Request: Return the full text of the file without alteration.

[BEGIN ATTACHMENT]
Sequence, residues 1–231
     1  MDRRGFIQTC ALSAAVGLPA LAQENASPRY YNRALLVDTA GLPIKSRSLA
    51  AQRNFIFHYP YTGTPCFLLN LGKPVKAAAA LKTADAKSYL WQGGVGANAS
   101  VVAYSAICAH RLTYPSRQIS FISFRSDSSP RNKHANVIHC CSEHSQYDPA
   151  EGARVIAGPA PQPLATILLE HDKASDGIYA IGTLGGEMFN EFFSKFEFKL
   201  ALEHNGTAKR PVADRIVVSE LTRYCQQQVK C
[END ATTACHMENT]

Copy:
Sequence, residues 1–231
     1  MDRRGFIQTC ALSAAVGLPA LAQENASPRY YNRALLVDTA GLPIKSRSLA
    51  AQRNFIFHYP YTGTPCFLLN LGKPVKAAAA LKTADAKSYL WQGGVGANAS
   101  VVAYSAICAH RLTYPSRQIS FISFRSDSSP RNKHANVIHC CSEHSQYDPA
   151  EGARVIAGPA PQPLATILLE HDKASDGIYA IGTLGGEMFN EFFSKFEFKL
   201  ALEHNGTAKR PVADRIVVSE LTRYCQQQVK C